The parallel in your early career is how you focus on your goals. If you try to be everything to everyone, you will fail to be effective. If you succeed for a short while, you will burn out. Giving yourself some freedom to specialize means you can create a more distinct value to your employer, and it means you have more time and attention to give toward perfecting it.
Key Takeaway: Find your niche and fill it. Then and only then you can move on to the next one.
“You can tweak the design faster when you’re the factory, and you learn things you’d never have known otherwise.”
“Meraki” was the name of a networking company rejected by Graham’s YCombinator fund. He uses the company’s name to describe other scrappy companies that did what a cash-strapped Meraki had to do in its early stages: assemble its product by hand.
Doing the hard stuff yourself definitely isn’t scalable, but it will give you unique perspective and understanding of your work. The Meraki equivalent for a young employee is walking into a company and doing the manual, time-consuming tasks that no one wants to do. In my own experience, working on technical support during hours I’m not doing marketing work has given me a much better insight into my company’s customers and product.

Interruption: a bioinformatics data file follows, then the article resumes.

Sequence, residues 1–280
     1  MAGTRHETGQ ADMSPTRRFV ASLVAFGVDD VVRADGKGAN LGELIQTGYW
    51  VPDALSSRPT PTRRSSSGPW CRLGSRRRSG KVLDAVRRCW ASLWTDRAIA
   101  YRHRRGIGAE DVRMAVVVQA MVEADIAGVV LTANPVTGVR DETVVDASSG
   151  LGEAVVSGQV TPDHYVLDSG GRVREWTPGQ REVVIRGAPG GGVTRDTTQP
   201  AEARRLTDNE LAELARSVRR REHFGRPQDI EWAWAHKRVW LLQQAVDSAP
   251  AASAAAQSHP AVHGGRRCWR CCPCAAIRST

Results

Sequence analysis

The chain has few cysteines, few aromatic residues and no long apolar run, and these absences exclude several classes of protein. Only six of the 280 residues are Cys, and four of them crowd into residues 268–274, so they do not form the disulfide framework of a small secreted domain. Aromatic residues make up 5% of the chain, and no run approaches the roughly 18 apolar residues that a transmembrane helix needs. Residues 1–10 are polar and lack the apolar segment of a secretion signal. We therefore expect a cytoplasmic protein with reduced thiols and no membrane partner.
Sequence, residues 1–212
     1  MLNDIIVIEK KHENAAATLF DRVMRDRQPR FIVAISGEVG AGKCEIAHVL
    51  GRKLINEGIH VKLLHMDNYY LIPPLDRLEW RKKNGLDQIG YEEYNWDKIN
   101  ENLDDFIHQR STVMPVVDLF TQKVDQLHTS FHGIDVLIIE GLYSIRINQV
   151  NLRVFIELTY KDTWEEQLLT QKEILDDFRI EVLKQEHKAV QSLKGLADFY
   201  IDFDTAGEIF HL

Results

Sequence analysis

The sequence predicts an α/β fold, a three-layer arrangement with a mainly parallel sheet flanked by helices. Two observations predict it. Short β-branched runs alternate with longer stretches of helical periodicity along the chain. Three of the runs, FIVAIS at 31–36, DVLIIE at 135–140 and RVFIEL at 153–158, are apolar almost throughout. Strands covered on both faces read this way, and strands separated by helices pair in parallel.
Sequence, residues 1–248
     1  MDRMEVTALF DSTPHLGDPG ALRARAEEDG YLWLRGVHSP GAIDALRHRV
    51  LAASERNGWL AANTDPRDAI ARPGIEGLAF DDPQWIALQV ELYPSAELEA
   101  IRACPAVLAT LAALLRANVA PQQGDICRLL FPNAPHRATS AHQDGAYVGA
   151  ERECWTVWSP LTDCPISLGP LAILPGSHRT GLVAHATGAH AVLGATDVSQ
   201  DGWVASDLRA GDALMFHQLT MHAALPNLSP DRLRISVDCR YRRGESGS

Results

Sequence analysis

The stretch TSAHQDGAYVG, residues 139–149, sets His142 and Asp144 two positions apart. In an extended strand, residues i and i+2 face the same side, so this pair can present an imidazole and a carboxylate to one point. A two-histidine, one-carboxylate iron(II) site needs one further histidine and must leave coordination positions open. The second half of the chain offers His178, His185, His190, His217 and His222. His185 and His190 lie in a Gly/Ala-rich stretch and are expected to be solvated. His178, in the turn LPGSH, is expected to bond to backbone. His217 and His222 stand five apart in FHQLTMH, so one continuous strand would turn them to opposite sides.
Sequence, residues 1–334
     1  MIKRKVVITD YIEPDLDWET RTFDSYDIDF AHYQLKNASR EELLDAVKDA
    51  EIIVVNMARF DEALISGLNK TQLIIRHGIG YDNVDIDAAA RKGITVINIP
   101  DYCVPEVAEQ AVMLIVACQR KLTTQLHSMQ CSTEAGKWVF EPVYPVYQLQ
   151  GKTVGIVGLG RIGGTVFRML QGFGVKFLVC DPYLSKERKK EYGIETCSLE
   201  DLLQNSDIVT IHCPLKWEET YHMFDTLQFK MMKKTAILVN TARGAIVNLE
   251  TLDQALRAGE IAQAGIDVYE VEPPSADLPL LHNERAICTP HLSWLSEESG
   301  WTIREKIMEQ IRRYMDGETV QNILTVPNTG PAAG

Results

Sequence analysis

Key Takeaway: Put in the initial investment of work to learn the most difficult parts of your company’s job. You’ll do your job better as a result.
“If you can find someone with a problem that needs solving and you can solve it manually, go ahead and do that for as long as you can, and then gradually automate the bottlenecks.”
Graham points out that online payments provider Stripe got its start before it even had software – the cofounders were manually signing up customers for credit card processing accounts as they came in. They were Stripe’s software.
This has useful implications for employees. There’s always an incentive to simplify, reduce, and automate your workload. There’s always an incentive to find new tools to do that for you. But following these incentives won’t build your skills in breaking down problems and creating your own solutions – a skill you’ll need to have when more complex work comes your way.
Key Takeaway: You don’t need to have a system early on. You just need to do it. When you’re young, cheap, and time-rich, build your skills and confidence by doing things by hand.
“As long as you can find just one user who really needs something and can act on that need, you’ve got a toehold in making something people want, and that’s as much as any startup needs initially.”